The Serbian world number one eased into his ninth decider at Melbourne Park with a 6-3 6-4 6-2 win under the lights at Rod Laver Arena and will battle either Stefanos Tsitsipas or Daniil Medvedev for the title.
Djokovic’s tournament appeared on a knife-edge when he suffered an abdominal injury during his third-round match against Taylor Fritz less than a week ago.
Yet he has put that aside and will have two days off to recover before Sunday’s final.
“This is the best I felt during the entire tournament,” he told Jim Courier on court.
“Felt great, I could swing through the ball, no pain, just best match so far, and it came at the right time and I’m thrilled to feel this way.
Djokovic has never failed to win the tournament after making the semi-finals and he will be heavily favoured to claim a record-extending ninth title at his favourite Slam on Sunday.
While Karatsev would have been regarded one of Djokovic’s more unlikely semi-final opponents, the world number 114 put up a decent show at Rod Laver Arena as fans returned to Melbourne Park following a five-day lockdown.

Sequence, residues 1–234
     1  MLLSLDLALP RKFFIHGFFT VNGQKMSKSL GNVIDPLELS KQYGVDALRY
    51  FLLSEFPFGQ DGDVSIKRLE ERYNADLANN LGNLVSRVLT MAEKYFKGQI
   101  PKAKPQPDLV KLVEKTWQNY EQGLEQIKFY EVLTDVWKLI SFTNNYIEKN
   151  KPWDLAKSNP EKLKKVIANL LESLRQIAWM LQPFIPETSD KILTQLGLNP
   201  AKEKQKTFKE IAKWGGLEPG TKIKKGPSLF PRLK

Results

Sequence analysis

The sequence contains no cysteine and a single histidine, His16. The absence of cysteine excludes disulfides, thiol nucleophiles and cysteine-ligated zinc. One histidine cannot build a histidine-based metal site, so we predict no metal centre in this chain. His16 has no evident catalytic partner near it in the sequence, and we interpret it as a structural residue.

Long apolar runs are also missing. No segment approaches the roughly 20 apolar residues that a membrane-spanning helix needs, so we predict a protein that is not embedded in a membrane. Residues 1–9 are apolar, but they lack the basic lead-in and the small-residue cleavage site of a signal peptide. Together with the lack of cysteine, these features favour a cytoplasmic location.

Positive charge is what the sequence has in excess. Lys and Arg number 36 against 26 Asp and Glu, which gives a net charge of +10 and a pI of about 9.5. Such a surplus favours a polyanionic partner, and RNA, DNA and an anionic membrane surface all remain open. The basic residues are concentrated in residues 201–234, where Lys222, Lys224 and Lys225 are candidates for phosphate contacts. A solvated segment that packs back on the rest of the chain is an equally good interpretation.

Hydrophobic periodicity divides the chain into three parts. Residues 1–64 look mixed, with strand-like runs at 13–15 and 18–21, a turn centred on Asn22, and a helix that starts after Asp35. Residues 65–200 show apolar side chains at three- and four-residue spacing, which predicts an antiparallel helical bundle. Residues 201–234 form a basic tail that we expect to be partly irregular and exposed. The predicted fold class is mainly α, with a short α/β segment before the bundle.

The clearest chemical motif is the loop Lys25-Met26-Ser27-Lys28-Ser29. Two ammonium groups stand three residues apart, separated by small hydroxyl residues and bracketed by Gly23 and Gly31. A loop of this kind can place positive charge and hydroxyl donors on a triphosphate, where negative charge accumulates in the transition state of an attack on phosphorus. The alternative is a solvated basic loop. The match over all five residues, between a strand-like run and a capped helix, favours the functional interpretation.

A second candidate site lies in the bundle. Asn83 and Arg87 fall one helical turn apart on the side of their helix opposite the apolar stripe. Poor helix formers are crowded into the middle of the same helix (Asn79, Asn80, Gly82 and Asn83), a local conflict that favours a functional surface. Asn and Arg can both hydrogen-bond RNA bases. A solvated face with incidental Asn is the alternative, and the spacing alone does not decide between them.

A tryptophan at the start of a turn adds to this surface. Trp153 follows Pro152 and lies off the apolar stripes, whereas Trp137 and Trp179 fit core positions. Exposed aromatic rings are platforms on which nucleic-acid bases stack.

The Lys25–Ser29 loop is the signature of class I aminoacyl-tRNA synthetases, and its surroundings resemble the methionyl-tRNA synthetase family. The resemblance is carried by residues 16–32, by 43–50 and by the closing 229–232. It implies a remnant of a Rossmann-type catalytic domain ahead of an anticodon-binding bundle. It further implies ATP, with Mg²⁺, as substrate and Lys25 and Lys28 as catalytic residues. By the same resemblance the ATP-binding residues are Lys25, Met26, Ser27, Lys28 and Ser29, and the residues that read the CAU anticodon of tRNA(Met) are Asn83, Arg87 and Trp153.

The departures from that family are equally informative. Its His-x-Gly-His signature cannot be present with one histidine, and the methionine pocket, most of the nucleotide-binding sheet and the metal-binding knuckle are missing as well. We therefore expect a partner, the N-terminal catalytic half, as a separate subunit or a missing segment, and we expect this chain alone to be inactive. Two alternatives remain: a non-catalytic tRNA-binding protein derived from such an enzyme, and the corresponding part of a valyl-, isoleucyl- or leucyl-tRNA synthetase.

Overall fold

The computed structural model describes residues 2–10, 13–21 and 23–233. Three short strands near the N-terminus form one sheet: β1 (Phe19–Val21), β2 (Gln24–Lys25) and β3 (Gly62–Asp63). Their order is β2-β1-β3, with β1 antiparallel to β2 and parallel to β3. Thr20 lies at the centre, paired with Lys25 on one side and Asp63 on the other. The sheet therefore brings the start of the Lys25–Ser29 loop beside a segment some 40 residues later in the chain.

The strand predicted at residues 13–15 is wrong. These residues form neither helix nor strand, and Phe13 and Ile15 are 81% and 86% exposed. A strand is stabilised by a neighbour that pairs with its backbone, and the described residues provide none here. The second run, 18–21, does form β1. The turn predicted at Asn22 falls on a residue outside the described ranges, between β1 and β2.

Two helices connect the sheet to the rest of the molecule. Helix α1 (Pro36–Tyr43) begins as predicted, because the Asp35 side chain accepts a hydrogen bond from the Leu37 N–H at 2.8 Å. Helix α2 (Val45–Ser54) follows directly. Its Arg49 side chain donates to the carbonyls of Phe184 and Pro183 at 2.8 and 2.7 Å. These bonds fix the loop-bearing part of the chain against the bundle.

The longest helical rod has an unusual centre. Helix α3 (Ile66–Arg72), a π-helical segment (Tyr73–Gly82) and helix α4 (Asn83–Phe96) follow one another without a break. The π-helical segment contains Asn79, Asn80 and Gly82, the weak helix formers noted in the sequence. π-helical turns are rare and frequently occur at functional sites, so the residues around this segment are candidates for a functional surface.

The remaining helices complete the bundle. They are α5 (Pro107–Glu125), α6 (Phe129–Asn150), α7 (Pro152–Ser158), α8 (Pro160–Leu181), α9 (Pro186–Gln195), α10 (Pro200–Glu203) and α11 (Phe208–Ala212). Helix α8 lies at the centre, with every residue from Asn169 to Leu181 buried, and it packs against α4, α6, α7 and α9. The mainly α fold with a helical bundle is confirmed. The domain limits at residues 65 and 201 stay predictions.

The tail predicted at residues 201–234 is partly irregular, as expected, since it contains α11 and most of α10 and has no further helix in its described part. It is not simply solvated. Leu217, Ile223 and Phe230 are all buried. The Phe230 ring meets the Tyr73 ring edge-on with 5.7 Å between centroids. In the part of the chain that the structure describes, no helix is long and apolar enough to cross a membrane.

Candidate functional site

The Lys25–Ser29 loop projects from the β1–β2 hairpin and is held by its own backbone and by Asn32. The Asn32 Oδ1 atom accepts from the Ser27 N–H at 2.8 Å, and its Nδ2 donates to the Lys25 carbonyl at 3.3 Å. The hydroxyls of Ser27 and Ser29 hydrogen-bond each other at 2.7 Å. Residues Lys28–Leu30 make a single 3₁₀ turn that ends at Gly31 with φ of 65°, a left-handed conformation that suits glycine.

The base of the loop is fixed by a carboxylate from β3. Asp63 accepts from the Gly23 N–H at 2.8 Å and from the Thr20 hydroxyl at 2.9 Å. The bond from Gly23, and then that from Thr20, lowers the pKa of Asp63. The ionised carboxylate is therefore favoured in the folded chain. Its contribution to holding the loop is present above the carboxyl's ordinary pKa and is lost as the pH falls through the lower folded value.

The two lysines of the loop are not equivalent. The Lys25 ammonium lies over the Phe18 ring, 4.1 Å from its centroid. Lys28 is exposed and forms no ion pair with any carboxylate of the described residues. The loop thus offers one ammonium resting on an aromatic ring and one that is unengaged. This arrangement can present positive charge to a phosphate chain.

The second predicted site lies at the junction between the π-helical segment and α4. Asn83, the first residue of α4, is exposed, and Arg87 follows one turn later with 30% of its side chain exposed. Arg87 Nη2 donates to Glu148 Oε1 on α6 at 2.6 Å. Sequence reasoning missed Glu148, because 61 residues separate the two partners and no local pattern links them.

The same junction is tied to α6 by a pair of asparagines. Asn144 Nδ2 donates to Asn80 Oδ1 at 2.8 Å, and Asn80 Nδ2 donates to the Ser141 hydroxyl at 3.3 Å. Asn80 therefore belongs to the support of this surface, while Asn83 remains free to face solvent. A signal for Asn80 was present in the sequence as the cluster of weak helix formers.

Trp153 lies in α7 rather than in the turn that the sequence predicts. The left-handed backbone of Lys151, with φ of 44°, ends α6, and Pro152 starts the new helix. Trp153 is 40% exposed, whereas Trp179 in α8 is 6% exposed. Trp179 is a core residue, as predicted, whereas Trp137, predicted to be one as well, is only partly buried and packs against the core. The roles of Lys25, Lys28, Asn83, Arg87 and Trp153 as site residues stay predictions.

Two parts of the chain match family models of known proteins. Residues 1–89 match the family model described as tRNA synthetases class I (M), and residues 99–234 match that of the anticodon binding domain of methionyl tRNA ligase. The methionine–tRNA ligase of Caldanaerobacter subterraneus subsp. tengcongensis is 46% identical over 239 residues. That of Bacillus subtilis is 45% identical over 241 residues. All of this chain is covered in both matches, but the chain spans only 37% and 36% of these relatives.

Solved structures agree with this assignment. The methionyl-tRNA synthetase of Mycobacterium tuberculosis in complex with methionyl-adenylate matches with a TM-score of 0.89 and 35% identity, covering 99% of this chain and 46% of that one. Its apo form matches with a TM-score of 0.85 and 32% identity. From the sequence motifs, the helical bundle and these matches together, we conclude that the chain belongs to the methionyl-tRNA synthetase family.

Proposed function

He broke Djokovic twice in the match and came back from 5-1 down in the second set to briefly rattle the Serb.
Karatsev saved two set points as Djokovic served at 5-4, and swung freely to prise two breakpoints from the champion.
Karatsev rallied again to level to 2-2 but a long tournament appeared to take its toll as Djokovic raced away and sealed the match with an ace.
“We need to give him a hand. Huge congratulations to him,” Djokovic said of the 27-year-old Karatsev, who reached the main draw of a major for the first time after failing to qualify at nine previous Grand Slams.
“On his debut he reached semi-finals, I don’t think it’s ever happened in the history of tennis, so well done to him. He played a great tournament.”